The month of September was the seventh month of the early Roman calendar, thus the origin of its name from the Latin word septum meaning seven. The calendar was changed in the sixth century from the Julian to the Gregorian calendar, at which time the first month of the year was moved from April 1st to January 1st. And though September then became the ninth month, it nevertheless kept its name.

In numerology, the number seven is seen as the number of completion. It is an interesting coincidence that as well as being named for the number that represents completion, September is the month of harvest – a time when summer’s crops complete their annual cycle and are harvested for the purpose of providing nourishment. In this vein, the month of September is a good time to think about how to harvest your life – how to make the most of what you have, and use what you have to nourish yourself, your family and your community.

It is important to reflect on this as modern life becomes increasingly complex and we are in danger of being overwhelmed by the many aspects in our lives. Instead of taking time to follow our natural rhythms, we rush from family to work to an array of requests, obligations and commitments – which separately might enrich us, but taken together become just too much. In the face of this abundance of opportunities and obligations, the central question is – How can I live a life of fulfillment and impact without sacrificing my health and personal life in the process?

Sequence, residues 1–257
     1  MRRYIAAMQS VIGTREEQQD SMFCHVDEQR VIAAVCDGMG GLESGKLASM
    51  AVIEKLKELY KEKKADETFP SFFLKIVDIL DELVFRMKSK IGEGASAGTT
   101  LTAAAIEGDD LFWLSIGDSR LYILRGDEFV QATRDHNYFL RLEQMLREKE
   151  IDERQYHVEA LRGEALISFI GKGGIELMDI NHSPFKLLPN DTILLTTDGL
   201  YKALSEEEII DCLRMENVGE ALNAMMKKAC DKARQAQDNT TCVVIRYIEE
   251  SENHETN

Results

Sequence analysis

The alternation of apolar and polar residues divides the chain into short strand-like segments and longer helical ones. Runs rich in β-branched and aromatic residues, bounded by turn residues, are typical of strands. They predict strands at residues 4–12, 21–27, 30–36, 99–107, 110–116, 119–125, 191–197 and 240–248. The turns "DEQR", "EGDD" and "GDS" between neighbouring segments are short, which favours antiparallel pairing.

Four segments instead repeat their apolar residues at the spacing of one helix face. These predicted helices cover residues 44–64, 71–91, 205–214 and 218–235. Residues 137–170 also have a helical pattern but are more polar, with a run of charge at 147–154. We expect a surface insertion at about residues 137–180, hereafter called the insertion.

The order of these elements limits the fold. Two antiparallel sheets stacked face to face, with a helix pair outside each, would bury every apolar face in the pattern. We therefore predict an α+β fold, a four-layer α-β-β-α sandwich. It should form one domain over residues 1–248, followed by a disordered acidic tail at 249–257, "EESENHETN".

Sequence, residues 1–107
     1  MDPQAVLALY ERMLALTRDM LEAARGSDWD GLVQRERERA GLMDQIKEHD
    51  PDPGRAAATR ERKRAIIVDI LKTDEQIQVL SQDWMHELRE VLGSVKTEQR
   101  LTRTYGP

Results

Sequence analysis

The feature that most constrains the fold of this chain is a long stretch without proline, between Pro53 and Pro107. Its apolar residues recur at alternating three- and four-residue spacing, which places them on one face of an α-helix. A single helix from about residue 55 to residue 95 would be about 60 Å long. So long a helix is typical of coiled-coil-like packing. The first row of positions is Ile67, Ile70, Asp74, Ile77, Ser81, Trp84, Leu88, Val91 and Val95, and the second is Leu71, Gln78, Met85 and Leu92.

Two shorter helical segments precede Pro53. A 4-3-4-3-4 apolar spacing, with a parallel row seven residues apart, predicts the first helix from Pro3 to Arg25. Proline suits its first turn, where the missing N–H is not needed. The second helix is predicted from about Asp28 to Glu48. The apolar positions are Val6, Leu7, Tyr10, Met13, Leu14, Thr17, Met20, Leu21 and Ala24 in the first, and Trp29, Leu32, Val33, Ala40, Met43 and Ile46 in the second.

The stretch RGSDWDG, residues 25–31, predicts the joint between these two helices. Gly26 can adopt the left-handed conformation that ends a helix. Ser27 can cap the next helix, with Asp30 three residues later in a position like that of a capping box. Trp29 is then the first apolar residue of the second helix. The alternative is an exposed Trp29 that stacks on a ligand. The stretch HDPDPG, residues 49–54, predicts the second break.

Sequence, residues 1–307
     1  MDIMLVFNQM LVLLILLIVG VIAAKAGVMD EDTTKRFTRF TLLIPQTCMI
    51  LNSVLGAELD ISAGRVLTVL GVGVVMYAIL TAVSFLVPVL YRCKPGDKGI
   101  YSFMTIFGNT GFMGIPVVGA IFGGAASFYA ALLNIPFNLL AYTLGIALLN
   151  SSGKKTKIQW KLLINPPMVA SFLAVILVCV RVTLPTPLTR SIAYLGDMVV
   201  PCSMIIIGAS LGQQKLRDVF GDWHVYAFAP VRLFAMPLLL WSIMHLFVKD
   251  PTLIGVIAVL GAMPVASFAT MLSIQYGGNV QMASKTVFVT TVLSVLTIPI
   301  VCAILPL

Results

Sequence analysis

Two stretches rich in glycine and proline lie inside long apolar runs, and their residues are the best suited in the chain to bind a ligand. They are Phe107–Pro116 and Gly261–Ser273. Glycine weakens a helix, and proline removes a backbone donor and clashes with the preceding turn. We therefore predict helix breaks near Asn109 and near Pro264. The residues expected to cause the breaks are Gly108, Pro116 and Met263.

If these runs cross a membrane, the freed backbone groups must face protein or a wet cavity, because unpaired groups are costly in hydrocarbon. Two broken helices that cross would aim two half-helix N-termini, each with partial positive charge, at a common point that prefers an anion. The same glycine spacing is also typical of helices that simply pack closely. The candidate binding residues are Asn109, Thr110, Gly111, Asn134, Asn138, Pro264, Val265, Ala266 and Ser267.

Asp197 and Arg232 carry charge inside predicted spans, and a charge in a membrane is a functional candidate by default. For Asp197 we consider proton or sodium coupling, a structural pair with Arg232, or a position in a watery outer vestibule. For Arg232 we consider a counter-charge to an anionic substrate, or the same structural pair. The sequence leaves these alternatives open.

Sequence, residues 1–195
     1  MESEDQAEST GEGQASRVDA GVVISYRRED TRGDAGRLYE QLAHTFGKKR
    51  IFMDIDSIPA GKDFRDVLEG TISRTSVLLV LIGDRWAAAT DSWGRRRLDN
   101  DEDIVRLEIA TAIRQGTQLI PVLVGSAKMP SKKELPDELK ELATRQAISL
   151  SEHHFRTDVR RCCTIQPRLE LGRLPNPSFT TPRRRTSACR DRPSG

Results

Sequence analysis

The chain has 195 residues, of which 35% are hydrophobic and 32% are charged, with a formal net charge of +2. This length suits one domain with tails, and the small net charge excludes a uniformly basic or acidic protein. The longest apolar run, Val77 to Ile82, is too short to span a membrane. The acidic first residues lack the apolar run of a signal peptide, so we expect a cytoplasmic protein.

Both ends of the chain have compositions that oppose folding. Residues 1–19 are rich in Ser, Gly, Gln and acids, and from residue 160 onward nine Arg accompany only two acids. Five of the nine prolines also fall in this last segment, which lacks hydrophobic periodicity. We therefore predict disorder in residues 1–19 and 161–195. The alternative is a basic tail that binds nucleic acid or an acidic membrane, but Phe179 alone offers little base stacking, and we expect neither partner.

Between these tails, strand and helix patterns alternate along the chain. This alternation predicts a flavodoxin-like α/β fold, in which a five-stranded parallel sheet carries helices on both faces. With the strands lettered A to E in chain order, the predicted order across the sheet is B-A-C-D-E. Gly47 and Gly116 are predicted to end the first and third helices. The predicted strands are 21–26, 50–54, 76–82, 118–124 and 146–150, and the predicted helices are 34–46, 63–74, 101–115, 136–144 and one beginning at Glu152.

The answer to this question involves catching yourself when you begin to feel driven or overwhelmed, then stopping for a second to quiet yourself until you’re able to move forward with more ease. A familiar saying that many of us learned as children is helpful in this regard. Stop. Look. Listen. Stop what you’re doing – try to catch yourself when you find yourself anxious or driven. Look at what you’re doing and notice how it feels. Listen to your deeper instinctual self and hear what it is trying to tell you about how to proceed. As children, this saying was helpful in getting us to pay attention to the flow of traffic so we would know when it was safe to cross the street. As adults, it’s equally helpful in monitoring the many things that come at us on a daily basis, so we can move through the flow of traffic in our lives without harming ourselves.